Smoking couples 'more likely to conceive a girl'

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Couples who smoke at around the time of their child's conception significantly increase the chances of having a girl, scientists have found.

Couples who smoke at around the time of their child's conception significantly increase the chances of having a girl, scientists have found.

The discovery may be explained by the fact that sperm cells which carry the male-bearing Y chromosome are more susceptible to the toxins in cigarette smoke and thus may be less prone to fertilise.

A team from Japan and Denmark uncovered the link after investigating the smoking habits of the parents of 11,815 newborns.

Each of the 5,372 mothers in the study was asked about her and her partner's daily consumption of cigarettes from three months before the last menstruation to when the pregnancy was confirmed.

The scientists calculated the male-to-female ratio of babies for three groups: men and women who did not smoke at all; those who smoked up to 20 cigarettes a day; and those who smoked more than 20 cigarettes a day.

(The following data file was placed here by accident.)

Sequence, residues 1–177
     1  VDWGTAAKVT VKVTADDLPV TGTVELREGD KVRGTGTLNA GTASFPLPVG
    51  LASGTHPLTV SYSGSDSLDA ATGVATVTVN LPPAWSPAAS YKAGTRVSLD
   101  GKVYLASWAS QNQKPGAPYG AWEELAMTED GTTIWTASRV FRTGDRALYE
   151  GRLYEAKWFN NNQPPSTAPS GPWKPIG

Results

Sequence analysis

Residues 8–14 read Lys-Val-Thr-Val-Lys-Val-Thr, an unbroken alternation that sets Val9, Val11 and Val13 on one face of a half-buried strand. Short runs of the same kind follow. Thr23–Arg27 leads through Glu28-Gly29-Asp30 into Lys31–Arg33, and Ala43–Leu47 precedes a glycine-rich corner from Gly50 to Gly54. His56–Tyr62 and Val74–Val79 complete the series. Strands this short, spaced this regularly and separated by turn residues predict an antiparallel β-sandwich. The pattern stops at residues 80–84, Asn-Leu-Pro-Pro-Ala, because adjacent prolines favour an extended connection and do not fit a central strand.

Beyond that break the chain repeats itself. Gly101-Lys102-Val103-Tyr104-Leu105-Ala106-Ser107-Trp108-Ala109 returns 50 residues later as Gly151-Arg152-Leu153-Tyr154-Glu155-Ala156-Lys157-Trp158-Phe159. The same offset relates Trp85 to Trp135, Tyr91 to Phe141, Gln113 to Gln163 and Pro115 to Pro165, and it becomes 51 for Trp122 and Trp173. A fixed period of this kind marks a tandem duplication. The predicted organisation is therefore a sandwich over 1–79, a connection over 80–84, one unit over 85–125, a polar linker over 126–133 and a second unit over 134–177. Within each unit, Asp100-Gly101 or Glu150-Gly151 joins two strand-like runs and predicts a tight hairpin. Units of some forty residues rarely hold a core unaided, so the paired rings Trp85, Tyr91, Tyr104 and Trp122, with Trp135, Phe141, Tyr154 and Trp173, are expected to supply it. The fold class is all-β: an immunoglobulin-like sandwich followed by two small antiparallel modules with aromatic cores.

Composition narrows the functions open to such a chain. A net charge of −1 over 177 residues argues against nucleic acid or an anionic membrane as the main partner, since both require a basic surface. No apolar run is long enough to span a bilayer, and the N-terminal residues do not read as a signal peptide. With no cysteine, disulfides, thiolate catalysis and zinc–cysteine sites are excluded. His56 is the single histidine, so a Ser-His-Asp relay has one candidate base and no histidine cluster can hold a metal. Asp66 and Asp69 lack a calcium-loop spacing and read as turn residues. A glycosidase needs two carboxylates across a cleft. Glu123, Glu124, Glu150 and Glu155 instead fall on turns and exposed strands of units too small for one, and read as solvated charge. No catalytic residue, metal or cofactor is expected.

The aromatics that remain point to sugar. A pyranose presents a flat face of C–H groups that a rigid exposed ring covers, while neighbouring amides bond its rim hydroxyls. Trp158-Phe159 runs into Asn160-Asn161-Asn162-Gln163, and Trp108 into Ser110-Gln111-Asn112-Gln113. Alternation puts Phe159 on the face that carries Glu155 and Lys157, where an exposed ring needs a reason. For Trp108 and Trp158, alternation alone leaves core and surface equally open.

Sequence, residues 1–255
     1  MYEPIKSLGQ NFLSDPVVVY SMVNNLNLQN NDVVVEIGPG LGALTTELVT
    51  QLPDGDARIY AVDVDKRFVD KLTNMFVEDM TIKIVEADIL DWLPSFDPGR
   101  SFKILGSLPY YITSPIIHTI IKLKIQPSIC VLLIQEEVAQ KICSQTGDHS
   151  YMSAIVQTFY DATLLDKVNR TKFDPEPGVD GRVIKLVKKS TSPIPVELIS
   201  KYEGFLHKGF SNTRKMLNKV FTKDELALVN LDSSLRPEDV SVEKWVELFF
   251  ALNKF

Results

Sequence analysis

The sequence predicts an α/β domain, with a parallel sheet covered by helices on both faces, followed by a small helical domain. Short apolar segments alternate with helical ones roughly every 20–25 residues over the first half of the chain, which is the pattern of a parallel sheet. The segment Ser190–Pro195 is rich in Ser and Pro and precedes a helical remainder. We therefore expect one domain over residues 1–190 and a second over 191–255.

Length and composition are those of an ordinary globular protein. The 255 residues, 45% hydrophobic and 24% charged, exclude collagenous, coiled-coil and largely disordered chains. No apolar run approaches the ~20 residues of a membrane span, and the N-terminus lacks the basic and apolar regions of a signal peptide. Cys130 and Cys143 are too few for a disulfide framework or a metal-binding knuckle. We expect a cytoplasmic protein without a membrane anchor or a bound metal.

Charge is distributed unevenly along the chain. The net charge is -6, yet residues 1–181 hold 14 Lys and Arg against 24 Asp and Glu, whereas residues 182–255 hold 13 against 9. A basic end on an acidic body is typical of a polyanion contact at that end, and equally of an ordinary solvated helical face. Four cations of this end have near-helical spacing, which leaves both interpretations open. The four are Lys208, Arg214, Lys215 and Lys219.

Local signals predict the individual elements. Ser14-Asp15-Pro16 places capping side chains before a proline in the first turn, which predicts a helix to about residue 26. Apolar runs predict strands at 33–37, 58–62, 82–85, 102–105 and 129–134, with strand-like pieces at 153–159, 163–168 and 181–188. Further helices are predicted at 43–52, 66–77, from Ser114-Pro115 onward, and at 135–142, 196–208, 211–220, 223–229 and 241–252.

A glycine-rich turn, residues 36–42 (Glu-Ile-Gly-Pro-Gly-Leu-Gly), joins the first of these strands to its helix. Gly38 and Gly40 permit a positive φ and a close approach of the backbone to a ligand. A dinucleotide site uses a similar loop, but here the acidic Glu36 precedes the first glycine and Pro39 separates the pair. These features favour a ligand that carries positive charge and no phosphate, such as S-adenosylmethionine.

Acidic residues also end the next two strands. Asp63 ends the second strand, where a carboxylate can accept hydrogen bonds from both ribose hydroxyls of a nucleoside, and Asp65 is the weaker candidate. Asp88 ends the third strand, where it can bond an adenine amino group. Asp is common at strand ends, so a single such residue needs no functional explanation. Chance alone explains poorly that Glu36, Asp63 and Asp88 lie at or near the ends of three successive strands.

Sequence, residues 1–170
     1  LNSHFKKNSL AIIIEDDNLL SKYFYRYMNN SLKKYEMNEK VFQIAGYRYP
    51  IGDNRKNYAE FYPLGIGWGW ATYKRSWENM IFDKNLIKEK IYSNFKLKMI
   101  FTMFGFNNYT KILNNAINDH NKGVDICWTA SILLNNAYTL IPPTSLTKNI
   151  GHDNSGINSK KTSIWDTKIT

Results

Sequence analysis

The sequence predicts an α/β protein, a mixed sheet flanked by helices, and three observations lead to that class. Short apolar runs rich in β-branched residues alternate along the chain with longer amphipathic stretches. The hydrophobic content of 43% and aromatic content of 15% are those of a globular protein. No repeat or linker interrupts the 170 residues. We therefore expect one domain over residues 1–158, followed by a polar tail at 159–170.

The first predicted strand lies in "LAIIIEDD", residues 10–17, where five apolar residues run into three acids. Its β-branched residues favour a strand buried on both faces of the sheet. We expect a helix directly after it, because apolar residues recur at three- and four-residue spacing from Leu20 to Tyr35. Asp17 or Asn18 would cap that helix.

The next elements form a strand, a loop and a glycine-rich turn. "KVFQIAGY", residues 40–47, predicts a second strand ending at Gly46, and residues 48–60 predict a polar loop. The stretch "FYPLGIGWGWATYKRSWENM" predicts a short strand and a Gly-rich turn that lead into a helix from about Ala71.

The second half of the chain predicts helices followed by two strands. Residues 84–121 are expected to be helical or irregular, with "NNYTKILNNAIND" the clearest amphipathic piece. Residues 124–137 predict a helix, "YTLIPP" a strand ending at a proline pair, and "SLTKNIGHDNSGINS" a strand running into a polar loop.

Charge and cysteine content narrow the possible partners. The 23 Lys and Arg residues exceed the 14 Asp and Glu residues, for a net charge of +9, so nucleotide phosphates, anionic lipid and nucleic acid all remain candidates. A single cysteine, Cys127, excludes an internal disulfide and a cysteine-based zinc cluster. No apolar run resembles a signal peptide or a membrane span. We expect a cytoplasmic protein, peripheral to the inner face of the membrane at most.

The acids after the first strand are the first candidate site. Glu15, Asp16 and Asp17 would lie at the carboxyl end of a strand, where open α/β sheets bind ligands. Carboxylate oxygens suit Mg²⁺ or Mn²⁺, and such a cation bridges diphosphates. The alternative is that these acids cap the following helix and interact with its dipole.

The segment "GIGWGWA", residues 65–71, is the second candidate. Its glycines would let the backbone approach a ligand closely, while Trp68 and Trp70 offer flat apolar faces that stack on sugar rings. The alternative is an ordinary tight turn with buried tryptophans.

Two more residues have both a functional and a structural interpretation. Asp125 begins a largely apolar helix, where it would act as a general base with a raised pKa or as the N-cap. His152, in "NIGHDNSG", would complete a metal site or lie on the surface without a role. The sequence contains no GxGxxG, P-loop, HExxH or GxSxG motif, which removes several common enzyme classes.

They found that the proportion of boys to girls was highest in non-smokers, with 1,975 boys and 1,627 girls, and lowest in the group where both mother and father smoked, with 255 boys and 310 girls.

There were also fewer male babies when either the father alone or the mother alone smoked. There was a clear increase in the probability of a girl baby when there was increased cigarette consumption, indicating that it was cigarettes themselves which appeared to reduce the chances of a boy.

Professor Anne Grete Byskov of the University Hospital of Copenhagen, who led the investigation said cigarette smoking might help to explain the trend seen in recent decades of there being fewer newborn males in many of the developed countries, including England, Wales, the United States and Canada.

"Our working hypothesis is that the sperm cells carrying the Y-chromosome responsible for male children are more sensitive to unfavourable changes caused by smoking than sperm cells with an X-chromosome," Professor Byskov said.

The results of her investigation are published in The Lancet today.

"Such affected Y-sperm cells might be less prone to fertilise or produce less viable embryos. Smoking may cause a stress effect on the sperm cell itself since the sex ratio also declined when the mother smoked but not the father," she said.

Statistically the chances of a boy or girl are 50:50. There is normally a slightly higher probability of a male conception, although this is offset by there being a higher risk of spontaneous abortions or prenatal death in boys.

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